On the riskiest and the best asset classes for the new year, Treasury bonds fell into both camps, depending on the strategist.
On the riskiest asset class, “I would put bonds at the top, high-quality bonds,” said James Paulsen, chief investment strategist, Wells Capital Management, Minneapolis. The major reason is because he predicts yields will rise and bond prices fall because of reinvigorated housing prices, bank lending and consumer confidence.
“Think about how much of a fear discount is in the bond yield” or “a safe-haven premium in high dividend stocks or in gold or the U.S. dollar,” Mr. Paulsen said. “I think … 2013 could be the year the safe havens get hit, high-quality Treasuries really take a hit.”
He would underweight bonds, although within that class he would favor spread areas like corporate bonds, mortgage-backed securities and emerging markets debt.
Jim McDonald, senior vice president and chief investment strategist with Northern Trust Investments Inc., Chicago, also puts investment-grade bonds at the top of the riskiest asset class. He recommends underweighting, “because you are only going to get (interest) return there.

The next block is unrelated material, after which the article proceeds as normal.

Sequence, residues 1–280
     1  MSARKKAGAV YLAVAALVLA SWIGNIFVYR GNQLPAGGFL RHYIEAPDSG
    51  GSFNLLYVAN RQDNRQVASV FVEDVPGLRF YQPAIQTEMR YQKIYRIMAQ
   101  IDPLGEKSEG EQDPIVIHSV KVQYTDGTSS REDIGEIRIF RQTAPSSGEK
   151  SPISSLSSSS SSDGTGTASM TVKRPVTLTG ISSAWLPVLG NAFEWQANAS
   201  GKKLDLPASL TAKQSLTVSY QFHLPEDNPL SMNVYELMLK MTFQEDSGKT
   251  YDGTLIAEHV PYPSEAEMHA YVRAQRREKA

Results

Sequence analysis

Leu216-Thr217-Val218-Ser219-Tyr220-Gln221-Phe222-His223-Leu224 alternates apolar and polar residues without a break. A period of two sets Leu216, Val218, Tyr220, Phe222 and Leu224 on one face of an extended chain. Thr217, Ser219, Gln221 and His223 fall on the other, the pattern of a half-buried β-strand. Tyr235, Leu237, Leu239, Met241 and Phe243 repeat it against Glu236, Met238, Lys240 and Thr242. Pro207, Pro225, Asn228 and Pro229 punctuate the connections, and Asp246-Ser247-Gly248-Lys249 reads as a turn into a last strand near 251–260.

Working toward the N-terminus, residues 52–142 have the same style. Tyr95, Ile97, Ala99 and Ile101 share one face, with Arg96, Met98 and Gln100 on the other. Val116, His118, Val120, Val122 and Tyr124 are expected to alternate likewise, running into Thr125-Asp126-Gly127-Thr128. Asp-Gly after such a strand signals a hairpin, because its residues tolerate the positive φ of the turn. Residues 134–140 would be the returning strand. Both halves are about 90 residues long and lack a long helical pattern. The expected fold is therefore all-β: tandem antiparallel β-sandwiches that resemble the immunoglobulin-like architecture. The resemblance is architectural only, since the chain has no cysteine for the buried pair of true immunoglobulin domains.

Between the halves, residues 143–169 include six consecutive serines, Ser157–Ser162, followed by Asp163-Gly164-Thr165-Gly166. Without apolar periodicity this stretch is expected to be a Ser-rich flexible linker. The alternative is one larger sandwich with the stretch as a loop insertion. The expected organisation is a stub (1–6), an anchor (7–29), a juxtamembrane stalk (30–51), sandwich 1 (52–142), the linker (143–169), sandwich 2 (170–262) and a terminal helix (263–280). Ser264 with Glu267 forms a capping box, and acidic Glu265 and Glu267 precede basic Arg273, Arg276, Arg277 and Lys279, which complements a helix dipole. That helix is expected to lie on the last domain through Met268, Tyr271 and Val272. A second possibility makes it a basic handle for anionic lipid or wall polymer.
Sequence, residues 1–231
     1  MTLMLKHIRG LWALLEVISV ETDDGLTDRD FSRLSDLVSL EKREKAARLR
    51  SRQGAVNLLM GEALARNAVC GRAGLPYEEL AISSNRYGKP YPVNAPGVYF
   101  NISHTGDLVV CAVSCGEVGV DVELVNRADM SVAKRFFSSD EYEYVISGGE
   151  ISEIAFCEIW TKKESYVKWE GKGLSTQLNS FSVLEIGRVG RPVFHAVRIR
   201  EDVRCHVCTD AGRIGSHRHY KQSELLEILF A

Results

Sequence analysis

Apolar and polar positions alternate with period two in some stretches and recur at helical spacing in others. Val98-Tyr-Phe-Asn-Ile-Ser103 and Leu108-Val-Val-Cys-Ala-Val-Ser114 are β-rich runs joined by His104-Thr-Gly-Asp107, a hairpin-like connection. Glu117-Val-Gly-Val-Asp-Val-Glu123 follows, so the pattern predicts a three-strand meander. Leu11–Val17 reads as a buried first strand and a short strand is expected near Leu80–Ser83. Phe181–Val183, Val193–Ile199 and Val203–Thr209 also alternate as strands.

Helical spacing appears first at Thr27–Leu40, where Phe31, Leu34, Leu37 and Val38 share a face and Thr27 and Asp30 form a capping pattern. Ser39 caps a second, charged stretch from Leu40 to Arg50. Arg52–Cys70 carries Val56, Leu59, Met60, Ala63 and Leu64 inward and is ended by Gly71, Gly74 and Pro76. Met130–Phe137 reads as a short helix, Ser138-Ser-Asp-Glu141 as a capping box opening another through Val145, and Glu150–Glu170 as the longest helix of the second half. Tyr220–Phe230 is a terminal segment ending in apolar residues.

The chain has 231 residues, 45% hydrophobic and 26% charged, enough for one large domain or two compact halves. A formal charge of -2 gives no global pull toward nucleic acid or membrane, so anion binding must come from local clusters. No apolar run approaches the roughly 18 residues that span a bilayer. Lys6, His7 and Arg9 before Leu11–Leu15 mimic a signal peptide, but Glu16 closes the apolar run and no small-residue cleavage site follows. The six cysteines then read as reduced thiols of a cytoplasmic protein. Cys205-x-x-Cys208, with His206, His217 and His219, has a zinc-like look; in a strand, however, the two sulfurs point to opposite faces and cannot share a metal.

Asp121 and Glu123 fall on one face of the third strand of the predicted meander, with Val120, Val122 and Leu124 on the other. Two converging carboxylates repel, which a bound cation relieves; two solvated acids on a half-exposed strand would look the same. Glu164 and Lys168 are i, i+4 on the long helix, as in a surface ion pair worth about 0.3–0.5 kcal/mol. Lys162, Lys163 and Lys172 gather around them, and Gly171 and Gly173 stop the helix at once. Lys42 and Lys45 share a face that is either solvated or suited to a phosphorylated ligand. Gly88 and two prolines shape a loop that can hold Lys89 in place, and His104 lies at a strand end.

“We want to be in higher-yielding assets,” Mr. McDonald said.
On the opposite side, A. Gary Shilling, president of Gary Shilling & Co., a Springfield, N.J.-based economic consultant and investment advisory firm, is bullish on Treasury securities.
He is bullish on their total return potential, not their yields.
“A lot of people say, 'Oh gee, why should I accept a yield of 2.8% on a 30-year bond?' Well, I've never bought the long bond for yield. I could care less what the yield is as long as it is going down” to get the price gain. That gain “vs. potentially big declines in equities, I think would be very attractive,” Mr. Shilling said.
His bullish outlook for U.S. Treasury securities is driven by three forces, including the safe-haven effect.
“I think particularly if we are entering a global recession that's going to be a very strong force,” he said
“The second one (is the) weak demand for credit ... you get with a weak economy ...
“The third one is, I think we are going to see increasing concerns about deflation.”
“Deflation is certainly not the friend of junk bonds,” Mr. Shilling said.
“You had to work very hard to default in the last few years on junk bonds, because there has been so much money thrown at subgrade companies. It would take a few years of this (deflation) before they'd be in trouble because they have carried out refinancings.”
“The atmosphere I'm sketching for the next couple of years is not a hospitable environment for corporate earnings, (the) economy in general or stocks,” Mr. Shilling said.